From those early fanboy dreams, it has been quite the journey to the final product. Valencia spent roughly 10 years working on the tome — the bulk of his 20s, he says — dating back to an initial version around 2010 he wanted to share with Newcombe.
“I drove up to Denver to hand him my first manuscript in person,” he says. “And it was like 50 pages and just so shitty because I had no writing experience.” In response, Valencia later enrolled in a masters-level writing program at NAU to develop his writing chops and finish the book.
Over the years, he says there have been several drafts, adding that he has “a whole crate of versions that I printed and went through and workshopped.” At one point, the book climbed to 600 pages.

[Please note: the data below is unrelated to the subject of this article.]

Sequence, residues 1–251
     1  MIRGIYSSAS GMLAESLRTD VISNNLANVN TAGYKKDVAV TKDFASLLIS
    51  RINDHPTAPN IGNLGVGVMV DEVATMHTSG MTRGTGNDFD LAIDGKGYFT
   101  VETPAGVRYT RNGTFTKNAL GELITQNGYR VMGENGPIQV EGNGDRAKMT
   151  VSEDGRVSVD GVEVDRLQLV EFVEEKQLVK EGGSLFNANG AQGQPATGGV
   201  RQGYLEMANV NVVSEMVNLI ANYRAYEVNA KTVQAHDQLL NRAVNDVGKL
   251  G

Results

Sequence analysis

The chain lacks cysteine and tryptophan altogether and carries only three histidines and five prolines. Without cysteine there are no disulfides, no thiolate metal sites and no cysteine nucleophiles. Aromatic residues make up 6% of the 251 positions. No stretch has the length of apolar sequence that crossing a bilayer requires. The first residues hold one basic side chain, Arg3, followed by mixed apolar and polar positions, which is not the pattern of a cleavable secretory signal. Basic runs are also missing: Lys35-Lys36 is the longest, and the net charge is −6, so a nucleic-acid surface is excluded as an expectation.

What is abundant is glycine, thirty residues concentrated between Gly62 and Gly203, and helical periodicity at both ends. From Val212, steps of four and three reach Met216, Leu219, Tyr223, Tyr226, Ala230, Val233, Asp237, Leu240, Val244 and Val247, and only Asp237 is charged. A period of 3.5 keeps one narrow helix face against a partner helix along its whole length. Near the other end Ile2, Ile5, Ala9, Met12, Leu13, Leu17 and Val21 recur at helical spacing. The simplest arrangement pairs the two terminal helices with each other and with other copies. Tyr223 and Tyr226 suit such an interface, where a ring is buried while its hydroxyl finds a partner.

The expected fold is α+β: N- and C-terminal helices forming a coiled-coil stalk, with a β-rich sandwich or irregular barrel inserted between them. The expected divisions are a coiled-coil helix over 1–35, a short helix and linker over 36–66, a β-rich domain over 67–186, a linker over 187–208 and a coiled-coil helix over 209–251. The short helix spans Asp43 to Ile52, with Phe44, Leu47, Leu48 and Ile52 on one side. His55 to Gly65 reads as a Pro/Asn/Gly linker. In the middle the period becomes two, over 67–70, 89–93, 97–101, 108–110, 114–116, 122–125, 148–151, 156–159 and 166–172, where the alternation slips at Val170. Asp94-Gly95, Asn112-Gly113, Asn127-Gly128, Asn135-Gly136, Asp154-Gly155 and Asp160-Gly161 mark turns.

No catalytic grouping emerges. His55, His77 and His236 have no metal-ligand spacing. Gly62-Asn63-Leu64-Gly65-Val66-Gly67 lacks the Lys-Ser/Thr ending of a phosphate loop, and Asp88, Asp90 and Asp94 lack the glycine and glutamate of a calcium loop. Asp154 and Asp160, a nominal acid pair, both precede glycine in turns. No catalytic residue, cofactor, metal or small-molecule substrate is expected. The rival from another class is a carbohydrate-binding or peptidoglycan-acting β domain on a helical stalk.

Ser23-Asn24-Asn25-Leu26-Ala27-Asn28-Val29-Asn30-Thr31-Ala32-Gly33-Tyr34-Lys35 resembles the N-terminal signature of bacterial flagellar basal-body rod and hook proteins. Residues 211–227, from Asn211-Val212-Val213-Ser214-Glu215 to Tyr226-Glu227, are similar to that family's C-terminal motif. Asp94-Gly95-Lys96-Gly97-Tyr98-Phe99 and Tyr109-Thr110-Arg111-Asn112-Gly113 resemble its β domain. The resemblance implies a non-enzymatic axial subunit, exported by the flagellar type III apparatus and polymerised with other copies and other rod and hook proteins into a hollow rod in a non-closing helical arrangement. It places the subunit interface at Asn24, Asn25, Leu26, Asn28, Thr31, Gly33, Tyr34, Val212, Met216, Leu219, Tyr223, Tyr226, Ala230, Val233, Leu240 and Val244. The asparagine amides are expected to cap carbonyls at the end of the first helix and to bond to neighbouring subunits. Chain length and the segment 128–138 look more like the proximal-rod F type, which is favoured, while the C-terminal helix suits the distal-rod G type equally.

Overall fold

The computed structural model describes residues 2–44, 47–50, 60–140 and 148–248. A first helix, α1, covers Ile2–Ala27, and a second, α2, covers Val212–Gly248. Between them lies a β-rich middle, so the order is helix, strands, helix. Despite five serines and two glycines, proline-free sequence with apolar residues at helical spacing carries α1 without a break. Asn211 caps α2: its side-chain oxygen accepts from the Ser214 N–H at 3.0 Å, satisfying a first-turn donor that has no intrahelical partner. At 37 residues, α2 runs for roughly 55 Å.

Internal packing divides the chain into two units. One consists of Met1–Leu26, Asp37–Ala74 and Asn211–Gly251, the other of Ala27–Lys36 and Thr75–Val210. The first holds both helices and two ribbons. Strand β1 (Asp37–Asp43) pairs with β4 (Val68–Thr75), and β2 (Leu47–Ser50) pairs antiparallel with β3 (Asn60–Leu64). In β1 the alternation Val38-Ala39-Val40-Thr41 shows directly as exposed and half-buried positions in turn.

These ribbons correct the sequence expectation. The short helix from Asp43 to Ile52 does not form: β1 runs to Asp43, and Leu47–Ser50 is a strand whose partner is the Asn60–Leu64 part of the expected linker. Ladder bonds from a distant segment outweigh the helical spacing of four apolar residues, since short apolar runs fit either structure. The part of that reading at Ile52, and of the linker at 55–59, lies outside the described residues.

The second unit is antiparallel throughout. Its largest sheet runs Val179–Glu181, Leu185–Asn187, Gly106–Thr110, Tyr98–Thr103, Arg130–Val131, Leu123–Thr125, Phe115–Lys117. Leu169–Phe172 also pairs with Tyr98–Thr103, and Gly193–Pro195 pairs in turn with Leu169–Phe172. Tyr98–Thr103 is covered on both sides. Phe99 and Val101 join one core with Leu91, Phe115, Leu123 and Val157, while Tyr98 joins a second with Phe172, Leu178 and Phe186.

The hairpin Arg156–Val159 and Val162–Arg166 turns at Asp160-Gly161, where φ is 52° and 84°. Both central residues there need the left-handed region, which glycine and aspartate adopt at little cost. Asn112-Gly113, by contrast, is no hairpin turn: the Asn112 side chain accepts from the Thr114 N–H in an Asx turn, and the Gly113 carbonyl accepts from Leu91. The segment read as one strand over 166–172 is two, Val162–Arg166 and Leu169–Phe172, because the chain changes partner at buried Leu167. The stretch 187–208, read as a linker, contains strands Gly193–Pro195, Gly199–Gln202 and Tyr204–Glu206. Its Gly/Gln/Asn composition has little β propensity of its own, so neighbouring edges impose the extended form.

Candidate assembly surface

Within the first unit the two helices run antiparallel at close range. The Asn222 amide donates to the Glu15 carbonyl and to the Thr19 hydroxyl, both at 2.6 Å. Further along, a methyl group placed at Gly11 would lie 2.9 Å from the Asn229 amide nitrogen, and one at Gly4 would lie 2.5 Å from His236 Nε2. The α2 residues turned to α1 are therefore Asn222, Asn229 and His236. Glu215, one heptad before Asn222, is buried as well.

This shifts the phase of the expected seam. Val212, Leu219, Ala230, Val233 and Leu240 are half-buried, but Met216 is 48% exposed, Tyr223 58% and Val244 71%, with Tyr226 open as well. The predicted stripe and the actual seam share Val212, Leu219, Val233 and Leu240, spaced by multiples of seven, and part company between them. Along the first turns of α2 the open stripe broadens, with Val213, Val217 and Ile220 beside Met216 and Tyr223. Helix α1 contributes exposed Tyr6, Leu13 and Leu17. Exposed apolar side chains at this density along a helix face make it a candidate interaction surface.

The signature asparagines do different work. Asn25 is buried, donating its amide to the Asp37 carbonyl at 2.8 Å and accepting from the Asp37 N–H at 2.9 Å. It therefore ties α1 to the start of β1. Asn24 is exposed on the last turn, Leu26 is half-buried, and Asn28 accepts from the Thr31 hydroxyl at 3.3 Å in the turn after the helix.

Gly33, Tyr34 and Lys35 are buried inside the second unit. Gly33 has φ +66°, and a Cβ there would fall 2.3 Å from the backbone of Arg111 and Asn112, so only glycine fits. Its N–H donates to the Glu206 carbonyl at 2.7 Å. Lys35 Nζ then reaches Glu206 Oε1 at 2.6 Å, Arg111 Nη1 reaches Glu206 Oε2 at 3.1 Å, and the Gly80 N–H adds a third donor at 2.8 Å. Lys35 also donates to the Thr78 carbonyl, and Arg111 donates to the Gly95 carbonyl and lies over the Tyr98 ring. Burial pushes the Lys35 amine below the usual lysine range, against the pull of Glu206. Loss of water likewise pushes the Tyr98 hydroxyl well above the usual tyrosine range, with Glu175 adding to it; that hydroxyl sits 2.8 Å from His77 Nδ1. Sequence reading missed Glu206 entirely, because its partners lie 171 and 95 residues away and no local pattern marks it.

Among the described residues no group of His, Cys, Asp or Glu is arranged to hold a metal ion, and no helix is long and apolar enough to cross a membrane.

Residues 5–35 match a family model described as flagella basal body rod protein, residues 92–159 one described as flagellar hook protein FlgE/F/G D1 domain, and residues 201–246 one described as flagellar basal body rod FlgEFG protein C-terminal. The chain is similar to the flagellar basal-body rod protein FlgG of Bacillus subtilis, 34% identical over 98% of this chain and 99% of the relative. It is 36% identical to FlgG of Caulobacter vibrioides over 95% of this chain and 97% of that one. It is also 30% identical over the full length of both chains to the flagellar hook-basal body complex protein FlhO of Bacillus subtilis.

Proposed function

It wasn’t just an instance of an eager admirer sharing every conceivable detail of a beloved band. Valencia became deeply entangled with the BJM universe, something he could have never expected.
“I would interview 30 people, and I’d have all this knowledge that no one has, and then I’d be,’ Well, the book is done,’” he says. “And I’d write it, and it would be, ‘Oh, no, here’s some new information.’ So I go talk to another 30 people, and then it would be another version of the book. The argument is that none of these people will be able to give you a straight answer. Because how Joel [Gion, percussionist] remembers things is different from how Jeff [Davies, guitarist] remembers things or how Matt [Hollywood, co-founder] or Anton remembers.”